Don’t confuse your process when Communicating change
Your processes (visioning, creating change teams, boring PowerPoint presentations, etc) alone are not effective in creating change. Meetings and processes can be part of a communication strategy if designed carefully, but they aren’t enough to meet change communication needs alone. Make following up with answers and updated information a top priority.
Key concepts to keep in mind in order to improve organisational change communication:
- Communicating change is uncomfortable. Change can be scary and adapting to change is often complex and messy. Tasks are easy to list, but behaviour and long-held habits are not always so easy to change. Gain isight and perspective from outside your organisation and adapt your approach to fit your organisation.
- Be clear. Clarify what is changing and why. Too often programs are jargon heavy and are missing the substance and impact of what the impact of the change is in the day-to-day reality of the organisation. Clarify the jargon. What is the specific call to action?
- Get help. Utilise the expertise of communication strategists from the start. Too many organisations only involve qualified communicators after the communication has failed, when the rumour mill is out of control.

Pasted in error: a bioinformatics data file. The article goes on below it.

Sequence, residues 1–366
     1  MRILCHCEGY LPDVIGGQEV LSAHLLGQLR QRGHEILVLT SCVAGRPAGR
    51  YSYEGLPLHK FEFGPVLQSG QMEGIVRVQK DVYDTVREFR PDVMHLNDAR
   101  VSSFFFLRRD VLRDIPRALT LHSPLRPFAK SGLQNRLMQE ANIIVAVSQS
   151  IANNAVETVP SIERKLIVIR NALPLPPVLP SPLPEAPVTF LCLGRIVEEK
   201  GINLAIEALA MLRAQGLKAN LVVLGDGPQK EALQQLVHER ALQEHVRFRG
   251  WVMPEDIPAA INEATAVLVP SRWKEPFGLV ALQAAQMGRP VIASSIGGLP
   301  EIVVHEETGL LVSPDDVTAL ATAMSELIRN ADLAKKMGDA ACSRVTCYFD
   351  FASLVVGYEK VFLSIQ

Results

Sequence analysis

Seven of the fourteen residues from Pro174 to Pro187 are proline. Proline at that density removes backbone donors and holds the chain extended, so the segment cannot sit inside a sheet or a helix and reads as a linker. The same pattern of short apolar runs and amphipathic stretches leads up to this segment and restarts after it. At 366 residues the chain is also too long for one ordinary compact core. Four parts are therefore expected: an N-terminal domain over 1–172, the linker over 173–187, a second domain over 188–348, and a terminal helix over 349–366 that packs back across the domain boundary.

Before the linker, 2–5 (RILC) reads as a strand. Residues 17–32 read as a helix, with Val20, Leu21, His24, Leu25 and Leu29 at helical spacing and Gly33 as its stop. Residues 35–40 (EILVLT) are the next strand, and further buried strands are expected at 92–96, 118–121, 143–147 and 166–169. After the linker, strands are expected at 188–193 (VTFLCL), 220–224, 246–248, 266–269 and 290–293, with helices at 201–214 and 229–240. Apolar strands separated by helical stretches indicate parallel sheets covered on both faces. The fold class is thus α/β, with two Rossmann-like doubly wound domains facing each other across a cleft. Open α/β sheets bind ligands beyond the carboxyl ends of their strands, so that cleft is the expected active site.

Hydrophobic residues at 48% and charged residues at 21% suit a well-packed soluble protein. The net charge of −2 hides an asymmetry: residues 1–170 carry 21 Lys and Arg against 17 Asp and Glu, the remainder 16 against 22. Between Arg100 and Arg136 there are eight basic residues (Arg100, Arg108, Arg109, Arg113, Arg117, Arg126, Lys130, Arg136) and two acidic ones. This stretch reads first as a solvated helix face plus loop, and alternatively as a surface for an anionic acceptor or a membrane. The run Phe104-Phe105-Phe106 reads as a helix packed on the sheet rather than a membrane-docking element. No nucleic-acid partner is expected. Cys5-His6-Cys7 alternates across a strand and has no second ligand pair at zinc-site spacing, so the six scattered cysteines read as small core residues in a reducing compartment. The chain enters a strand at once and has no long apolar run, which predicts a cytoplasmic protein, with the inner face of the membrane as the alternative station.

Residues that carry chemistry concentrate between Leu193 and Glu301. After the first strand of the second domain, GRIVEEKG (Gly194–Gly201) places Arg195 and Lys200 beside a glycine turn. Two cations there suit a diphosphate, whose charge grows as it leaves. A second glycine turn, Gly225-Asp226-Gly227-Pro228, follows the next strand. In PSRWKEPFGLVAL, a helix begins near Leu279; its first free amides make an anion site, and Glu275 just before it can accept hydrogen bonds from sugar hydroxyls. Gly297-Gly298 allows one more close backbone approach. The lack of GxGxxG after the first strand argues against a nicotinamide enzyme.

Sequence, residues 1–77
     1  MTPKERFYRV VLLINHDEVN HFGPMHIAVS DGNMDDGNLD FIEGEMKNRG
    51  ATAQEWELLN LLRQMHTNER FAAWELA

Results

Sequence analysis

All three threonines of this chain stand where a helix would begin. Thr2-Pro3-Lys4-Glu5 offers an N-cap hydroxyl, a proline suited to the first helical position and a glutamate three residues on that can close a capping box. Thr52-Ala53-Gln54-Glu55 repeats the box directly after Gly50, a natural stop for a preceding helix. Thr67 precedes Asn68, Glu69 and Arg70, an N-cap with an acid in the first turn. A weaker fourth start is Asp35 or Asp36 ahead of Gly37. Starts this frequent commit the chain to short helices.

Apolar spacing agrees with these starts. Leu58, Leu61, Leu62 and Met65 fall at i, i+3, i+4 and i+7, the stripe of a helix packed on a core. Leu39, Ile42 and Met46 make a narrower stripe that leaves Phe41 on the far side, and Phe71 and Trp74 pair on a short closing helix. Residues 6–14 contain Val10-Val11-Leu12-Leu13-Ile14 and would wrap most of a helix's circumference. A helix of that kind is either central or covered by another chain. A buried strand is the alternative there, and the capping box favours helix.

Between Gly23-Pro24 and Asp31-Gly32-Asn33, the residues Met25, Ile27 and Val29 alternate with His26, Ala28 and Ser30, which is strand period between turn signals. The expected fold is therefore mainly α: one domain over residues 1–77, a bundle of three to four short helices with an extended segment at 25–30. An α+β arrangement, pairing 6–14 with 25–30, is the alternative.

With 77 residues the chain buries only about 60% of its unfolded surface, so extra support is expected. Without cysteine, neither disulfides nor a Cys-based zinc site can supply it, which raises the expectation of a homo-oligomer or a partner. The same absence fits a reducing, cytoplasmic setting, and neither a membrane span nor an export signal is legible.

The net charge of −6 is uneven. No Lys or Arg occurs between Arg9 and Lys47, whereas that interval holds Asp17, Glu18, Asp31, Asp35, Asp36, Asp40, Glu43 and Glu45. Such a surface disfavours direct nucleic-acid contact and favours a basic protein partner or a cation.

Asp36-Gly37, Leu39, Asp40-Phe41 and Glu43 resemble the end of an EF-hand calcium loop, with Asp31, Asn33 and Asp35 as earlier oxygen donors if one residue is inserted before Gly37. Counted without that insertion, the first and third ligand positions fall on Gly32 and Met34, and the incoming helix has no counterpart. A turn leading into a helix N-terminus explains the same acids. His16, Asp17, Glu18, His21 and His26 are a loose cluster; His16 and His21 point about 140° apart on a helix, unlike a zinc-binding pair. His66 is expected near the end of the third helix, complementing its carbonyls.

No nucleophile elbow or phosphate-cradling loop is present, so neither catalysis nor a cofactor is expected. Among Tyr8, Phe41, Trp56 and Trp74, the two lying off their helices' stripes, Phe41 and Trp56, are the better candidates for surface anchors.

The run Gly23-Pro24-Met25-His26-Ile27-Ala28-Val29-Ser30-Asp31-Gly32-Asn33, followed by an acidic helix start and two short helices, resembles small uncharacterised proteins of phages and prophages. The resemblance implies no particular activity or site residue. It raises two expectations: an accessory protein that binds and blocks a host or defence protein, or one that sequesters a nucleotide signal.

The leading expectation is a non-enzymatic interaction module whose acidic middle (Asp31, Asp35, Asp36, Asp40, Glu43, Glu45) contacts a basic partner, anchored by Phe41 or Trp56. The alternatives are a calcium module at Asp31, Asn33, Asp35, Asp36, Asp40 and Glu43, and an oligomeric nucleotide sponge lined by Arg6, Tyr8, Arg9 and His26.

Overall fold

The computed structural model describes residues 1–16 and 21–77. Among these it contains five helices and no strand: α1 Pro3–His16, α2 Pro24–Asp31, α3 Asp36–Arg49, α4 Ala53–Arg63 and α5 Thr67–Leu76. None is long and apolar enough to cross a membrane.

- Talk to your people. Share information with your employees as soon as possible so they don’t hear about a merger or reorganisation on their car radio. Once fear sets in you will waste a lot of time and money regaining their confidence. Many will immediately update their résumés and start to look elsewhere if they are not in the loop. Give your employees multiple opportunities to share concerns, ask questions, and offer ideas.
- Quality and consistency is crucial when communicating change. Too much insignificant or insensitive information leads to distrust and disengagement. Use a variety of communication methods (just using e-mail or the company intranet site is ineffective and often confusing). Repetition of your core message is helpful in creating an effective communication program.
- Change takes time. Change starts with the announcement of the change initiative or project and continues until the ingrained habits have become new healthier habits. Many leaders underestimate the time required by a change cycle. Changing habits takes time and awareness.
Communicating change takes planning and consistency
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